Students put talent on display at U

Comstock Hall hosted the event, which featured various performances.

Vadim Lavrusik

Phuoc Bui strummed his electric guitar, playing psychedelic melodies with more than 40 onlookers in the Comstock Hall Ballroom on Saturday.

Bui, a marketing senior, was one of many students who showcased his talents at the Comstock Talent Show.

Danielle Attinella, a member of the Comstock Community Council who helped organize the event, said the council holds such occasions to bring students in the residence halls together so they can get to know one another.

“It’s hard to get people to come (to residence hall events),” Attinella said. “People usually have their own plans or they see the advertising for it and they think ‘Someone will go, but not me.’ “

This is the first time Comstock Hall has hosted a talent show, she said.

Acts ranged from guitar playing to tricks with a diabolo, a Chinese yo-yo that uses two sticks connected by a string and a detached wooden yo-yo.

Stuart Wilson, first-year computer science and philosophy student, showed tricks with his diabolo, twirling it high into the air as it spun and catching it with the strings still spinning.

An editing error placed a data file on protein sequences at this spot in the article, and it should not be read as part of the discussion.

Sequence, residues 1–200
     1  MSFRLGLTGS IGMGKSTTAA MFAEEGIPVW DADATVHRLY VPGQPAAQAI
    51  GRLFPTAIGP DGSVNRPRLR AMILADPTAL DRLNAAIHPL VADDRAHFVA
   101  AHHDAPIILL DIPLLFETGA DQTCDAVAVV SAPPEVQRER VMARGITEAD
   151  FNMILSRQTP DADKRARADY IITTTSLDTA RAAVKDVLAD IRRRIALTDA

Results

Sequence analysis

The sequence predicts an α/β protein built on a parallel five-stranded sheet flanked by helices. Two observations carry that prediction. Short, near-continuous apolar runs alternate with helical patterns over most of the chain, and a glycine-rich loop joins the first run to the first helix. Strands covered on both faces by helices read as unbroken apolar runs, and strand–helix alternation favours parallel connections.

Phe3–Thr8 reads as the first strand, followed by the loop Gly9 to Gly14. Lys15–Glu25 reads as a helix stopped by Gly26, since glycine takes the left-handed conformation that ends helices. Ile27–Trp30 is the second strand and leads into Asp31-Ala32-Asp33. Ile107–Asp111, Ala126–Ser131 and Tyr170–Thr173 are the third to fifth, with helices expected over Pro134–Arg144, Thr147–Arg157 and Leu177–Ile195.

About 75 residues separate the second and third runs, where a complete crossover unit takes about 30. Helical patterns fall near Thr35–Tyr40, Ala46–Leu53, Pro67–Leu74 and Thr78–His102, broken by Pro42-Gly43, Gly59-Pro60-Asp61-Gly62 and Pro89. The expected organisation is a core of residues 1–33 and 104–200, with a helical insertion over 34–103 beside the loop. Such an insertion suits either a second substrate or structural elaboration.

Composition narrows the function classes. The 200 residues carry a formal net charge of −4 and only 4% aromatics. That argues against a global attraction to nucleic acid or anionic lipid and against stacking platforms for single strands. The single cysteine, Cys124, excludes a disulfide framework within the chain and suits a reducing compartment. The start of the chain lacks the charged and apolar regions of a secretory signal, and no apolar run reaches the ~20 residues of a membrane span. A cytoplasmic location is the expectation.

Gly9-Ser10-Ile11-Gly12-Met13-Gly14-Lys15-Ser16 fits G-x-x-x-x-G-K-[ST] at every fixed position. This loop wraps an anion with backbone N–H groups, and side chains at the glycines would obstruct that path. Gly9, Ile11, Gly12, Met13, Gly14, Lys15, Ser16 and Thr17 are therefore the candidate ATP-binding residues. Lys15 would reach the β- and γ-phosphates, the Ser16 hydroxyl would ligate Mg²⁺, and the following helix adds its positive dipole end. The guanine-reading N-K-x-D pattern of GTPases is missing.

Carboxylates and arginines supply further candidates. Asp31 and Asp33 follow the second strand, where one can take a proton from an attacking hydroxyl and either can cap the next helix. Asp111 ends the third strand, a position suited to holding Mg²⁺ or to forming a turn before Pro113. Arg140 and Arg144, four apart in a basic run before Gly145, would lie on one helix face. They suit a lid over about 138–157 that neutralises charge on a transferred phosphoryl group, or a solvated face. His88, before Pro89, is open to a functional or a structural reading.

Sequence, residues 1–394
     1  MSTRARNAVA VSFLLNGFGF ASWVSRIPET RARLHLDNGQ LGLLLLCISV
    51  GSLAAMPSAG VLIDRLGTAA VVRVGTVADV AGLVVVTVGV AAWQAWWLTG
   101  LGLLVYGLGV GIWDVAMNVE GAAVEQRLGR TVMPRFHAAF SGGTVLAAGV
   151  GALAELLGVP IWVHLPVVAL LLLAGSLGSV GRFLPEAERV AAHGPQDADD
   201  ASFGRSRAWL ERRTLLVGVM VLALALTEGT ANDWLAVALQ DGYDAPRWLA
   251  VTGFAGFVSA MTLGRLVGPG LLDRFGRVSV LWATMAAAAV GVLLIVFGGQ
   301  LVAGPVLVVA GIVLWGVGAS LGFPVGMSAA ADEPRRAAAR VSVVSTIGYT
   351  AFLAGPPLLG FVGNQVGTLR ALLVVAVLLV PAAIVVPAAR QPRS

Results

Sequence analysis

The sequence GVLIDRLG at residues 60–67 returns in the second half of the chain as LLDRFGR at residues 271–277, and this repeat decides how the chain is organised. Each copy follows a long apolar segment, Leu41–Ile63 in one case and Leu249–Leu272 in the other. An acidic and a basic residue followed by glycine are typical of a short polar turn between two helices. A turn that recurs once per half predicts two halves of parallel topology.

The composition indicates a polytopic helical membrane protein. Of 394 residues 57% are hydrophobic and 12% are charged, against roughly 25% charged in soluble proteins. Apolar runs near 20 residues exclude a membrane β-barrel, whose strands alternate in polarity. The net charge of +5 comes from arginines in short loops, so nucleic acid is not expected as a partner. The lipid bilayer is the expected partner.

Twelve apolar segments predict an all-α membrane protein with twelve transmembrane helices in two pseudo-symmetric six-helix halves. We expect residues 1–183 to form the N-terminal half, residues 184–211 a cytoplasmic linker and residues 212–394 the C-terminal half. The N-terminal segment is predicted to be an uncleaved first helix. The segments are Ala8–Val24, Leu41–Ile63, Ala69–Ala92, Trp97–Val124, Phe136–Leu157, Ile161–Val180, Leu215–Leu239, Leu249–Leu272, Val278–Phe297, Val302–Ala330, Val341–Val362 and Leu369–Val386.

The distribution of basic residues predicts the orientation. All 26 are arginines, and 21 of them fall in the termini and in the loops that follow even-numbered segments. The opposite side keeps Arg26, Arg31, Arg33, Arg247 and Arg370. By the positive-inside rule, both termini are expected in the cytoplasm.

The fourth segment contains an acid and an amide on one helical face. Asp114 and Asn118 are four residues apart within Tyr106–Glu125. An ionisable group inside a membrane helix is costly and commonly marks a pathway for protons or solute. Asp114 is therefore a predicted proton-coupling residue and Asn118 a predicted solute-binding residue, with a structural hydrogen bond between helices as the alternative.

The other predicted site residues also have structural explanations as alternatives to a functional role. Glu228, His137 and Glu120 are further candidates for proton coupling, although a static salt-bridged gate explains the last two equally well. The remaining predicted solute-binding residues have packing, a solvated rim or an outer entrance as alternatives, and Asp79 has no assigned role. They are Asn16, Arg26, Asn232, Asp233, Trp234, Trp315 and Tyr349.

“It’s kind of fun to show off what you’ve learned,” he said.

Wilson got the diabolo for Christmas more than a year ago after seeing it used at a Boy Scouts convention. He learned the tricks through the Internet and made up a few of his own.

“I practice about twice a week,” he said. “It’s a good break from homework.”

Aaron Shekey, a graphic design junior, played with his band called Apparently Nothing.

He said this was the first time the band played completely acoustic.

“Usually we are a full-out rock band, so it was really different,” he said. “We didn’t want to come across as one of those coffee house bands.”

Shekey, the lead singer, said his band has all the talent but making it big takes more than just talent.

“Talent isn’t everything,” he said. “It’s about who you know and the timing.”

But for now, Shekey said he and his band members want to finish school and then see what happens.

“Everything is there, we just have to find a voice and reach an audience,” he said.